Michael Cohen is Choi Soon-sil, a long-time associate of the president who was given way too much access, which he sold for profit.
AT&T and the other companies are Samsung and the rest.

We know what will likely happen next.

Long essay on the British housing crisis


 

Not my usual style, but I had the fantastic opportunity to write a feature after a long time, thanks to Lapsus Lima magazine, a beautifully designed magazine from Peru.

Here’s the whole piece.

 

 

The real Nobel comparison? Kim Dae-jung and the failed Sunshine Policy

Donald Trump’s supporters and those optimistic about prospects for his apparently upcoming meeting with North Korean dictator Kim Jong-un are preemptively calling for Trump to win the Nobel Peace Prize.

Remember, Barack Obama won the Nobel Peace Prize at the end of just his first year in office, before he even accomplished anything? And the prize was criticized by conservatives then, and rightly so. I address the argument in my new video, contained at the end of the post. But a better comparison might be Korea’s third democratically-elected president, Kim Dae-jung (president from 1998-2003).

Kim met with Kim Jong-il in Pyongyang in 2000. As with the meeting between Moon Jae-in and Kim Jong-un and the proposed meeting between Trump and Kim, there were high hopes for “peace” and expectations that things would change. Kim Dae-jung began implementation of the “Sunshine Policy”, which offered unconditional aid to the North and opened up the Kaesong Industrial Region. The idea was to promote good will, but North Korea’s regime took much of the aid for itself and its military, and the policy did not prevent North Korea from developing its nuclear program.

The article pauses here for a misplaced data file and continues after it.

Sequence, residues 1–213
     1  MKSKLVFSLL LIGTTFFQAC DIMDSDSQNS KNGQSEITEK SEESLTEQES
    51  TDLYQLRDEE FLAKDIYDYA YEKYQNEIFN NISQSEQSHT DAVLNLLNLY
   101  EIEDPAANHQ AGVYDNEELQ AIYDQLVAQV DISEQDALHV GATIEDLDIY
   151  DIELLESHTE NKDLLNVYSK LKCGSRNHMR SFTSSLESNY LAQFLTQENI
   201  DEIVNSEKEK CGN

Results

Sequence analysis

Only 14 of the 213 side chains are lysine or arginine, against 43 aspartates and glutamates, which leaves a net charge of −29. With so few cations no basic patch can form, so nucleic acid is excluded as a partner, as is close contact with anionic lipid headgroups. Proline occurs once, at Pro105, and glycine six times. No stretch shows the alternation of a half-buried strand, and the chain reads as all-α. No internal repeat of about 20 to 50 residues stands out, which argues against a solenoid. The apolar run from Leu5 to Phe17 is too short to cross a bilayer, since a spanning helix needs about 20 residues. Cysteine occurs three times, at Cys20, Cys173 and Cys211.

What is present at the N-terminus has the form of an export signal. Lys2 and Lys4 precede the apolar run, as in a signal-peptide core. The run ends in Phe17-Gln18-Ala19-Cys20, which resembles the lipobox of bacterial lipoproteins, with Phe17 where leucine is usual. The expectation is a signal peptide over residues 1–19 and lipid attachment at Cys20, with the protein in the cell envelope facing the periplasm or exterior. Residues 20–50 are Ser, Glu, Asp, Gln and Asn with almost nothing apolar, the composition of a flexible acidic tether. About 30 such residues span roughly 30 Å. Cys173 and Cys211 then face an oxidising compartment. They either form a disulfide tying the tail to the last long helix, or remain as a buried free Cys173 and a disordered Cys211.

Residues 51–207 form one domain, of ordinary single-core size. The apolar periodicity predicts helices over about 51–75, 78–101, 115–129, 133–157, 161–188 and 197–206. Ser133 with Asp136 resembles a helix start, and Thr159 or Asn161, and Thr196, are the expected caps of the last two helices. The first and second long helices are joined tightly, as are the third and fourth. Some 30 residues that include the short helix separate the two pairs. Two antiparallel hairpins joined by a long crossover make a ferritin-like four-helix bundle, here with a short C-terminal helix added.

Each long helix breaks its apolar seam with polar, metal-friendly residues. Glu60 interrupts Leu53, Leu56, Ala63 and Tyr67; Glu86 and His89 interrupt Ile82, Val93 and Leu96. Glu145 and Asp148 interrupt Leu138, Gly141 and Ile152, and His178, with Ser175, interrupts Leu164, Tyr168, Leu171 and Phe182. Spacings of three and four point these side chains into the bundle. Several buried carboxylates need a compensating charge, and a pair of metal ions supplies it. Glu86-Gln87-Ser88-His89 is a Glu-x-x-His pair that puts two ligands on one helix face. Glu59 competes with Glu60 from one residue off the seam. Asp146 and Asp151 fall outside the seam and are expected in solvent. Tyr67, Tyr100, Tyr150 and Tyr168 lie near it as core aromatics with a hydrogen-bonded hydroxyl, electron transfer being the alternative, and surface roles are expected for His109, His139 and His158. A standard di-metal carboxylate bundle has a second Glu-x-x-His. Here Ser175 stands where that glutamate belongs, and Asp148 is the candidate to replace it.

The Nobel committee, as they often do, awarded the prize prematurely. The meeting happened, but nothing substantial ultimately came out of the meeting. Later it was revealed that the Kim Dae-jung administration had paid the Kim Jong-il government US$500 million for the meeting.

Kim might have been deserving of the Peace Prize for his non-violent campaigning for democracy in Korea. He nearly lost his life multiple times, once when he was kidnapped by the Park Chung-hee government, while living in exile in Japan in 1973, and nearly murdered, and again when he was sentenced to death after the Chun Doo-hwan government’s 1980 coup and martial law crackdown. The Nobel committee says he was awarded “for his work for democracy and human rights in South Korea and in East Asia in general, and for peace and reconciliation with North Korea in particular.”

See my video on Trump and the Nobel: